For more details about how the NDIS can help you achieve your employment goals, read NDIS Employment supports: all you need to know.

Girl sitting in front of a laptop with headphones on with a woman standing looking over the girls shoulder
Girl sitting in front of a laptop with headphones on with a woman standing looking over the girls shoulder

Where to get help with NDIS goal setting.

Having a knowledgeable guide who understands the NDIS can greatly simplify the goal-setting process and provide valuable assistance.

The right person will be able to explore options with you, make suggestions and help you determine the right goals based on your values, strengths and aspirations.

Local area coordinator (LAC): A LAC can help you create and work towards your goal, make decisions and access the supports you need. They can talk to you about goals and write them down in your own words.

Support coordinator: Can help you identify and describe your goals and the steps to achieve them. They can also explain how to use the supports in your plan and assist with service agreements and bookings.

Allied health professionals: Can provide reports on goals you’ve achieved, identify barriers and how they can be overcome; and conduct assessments to identify your abilities, strengths and areas for improvement. They can also help you break goals into smaller, actionable steps.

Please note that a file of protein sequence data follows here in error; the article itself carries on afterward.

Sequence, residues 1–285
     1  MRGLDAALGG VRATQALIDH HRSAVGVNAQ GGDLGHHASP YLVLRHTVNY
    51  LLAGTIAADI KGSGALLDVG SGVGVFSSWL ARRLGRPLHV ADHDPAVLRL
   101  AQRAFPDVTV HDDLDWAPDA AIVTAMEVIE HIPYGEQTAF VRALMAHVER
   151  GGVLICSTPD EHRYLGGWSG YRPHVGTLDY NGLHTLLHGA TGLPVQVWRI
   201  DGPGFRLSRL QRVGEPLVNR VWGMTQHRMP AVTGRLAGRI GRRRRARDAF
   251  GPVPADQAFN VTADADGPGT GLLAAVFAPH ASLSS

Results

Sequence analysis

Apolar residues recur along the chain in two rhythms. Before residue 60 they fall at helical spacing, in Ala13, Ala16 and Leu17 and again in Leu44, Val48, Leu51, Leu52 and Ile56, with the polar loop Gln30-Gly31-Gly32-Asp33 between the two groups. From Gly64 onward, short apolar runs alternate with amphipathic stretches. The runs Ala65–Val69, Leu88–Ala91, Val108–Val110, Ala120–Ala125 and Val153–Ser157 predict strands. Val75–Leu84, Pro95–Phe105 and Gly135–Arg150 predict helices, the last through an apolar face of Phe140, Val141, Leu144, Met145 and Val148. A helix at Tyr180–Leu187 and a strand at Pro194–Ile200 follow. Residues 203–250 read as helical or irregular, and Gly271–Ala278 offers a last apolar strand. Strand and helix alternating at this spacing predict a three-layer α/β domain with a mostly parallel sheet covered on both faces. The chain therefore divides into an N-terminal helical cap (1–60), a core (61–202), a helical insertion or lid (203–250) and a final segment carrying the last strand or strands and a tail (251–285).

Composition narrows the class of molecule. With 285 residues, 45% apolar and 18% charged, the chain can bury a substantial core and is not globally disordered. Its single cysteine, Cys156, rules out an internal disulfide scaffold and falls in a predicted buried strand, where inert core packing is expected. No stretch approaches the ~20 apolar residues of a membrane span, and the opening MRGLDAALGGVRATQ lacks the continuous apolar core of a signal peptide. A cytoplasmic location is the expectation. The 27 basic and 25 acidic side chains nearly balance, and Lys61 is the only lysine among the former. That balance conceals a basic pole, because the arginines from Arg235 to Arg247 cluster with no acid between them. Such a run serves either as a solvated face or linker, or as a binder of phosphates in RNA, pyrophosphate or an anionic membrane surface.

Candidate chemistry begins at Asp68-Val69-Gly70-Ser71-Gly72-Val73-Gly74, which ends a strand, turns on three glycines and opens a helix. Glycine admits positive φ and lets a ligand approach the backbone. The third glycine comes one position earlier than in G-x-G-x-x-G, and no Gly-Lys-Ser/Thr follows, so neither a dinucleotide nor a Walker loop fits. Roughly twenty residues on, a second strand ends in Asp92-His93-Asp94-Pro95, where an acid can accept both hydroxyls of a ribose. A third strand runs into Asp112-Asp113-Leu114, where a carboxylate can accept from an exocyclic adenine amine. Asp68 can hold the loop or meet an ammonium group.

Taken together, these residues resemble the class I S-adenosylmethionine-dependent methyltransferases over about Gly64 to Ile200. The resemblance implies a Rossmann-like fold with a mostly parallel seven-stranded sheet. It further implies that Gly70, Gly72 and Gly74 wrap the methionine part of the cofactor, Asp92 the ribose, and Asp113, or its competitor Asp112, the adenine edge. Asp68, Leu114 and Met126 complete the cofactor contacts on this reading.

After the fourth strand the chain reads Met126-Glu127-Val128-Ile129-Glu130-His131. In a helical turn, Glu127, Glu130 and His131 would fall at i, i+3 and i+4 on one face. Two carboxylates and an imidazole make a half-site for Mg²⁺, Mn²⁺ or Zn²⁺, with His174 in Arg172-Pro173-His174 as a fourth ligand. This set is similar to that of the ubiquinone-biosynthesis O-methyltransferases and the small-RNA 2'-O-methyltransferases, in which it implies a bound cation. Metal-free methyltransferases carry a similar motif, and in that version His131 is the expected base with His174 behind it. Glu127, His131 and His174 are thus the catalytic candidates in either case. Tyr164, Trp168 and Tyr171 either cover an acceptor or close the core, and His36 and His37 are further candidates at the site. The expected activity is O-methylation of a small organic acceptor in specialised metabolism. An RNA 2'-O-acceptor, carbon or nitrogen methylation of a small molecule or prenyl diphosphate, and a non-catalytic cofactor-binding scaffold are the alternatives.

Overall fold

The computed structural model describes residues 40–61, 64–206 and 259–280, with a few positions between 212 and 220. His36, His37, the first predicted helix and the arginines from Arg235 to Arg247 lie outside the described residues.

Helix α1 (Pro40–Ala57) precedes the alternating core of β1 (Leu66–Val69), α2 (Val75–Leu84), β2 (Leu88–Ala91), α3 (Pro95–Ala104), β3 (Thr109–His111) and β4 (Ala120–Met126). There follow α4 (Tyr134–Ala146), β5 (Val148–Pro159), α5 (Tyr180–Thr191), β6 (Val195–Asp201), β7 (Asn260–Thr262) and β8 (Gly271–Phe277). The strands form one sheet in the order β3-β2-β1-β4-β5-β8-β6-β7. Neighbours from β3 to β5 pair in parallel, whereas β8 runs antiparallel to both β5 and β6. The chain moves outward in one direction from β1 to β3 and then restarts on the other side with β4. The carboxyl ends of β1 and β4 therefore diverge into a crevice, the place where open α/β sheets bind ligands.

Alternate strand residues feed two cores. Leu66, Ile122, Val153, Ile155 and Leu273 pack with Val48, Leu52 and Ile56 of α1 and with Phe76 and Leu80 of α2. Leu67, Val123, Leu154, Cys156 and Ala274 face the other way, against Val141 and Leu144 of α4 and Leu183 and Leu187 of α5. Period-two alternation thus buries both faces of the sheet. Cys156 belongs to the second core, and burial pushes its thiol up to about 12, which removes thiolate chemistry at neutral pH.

Friends and family: People who know you well can provide insights on your strengths, interests and potential areas for growth which can be helpful when setting goals.

Other people in your support network: Talking to other people on the NDIS about their goals, how they record and track them can provide a unique perspective.

Top tip: The Leap in! app is the perfect partner for NDIS goal setting and tracking. It allows you to record your goals somewhere that’s always available and accessible – and track progress along the way.

What to do if your goals change.

Identifying if your goals have changed is an important step in ensuring your plans and aspirations remain aligned. Here are some questions you can ask yourself to work out if you need to change or update your goals.

  • Have my circumstances changed?
  • Have my interests changed?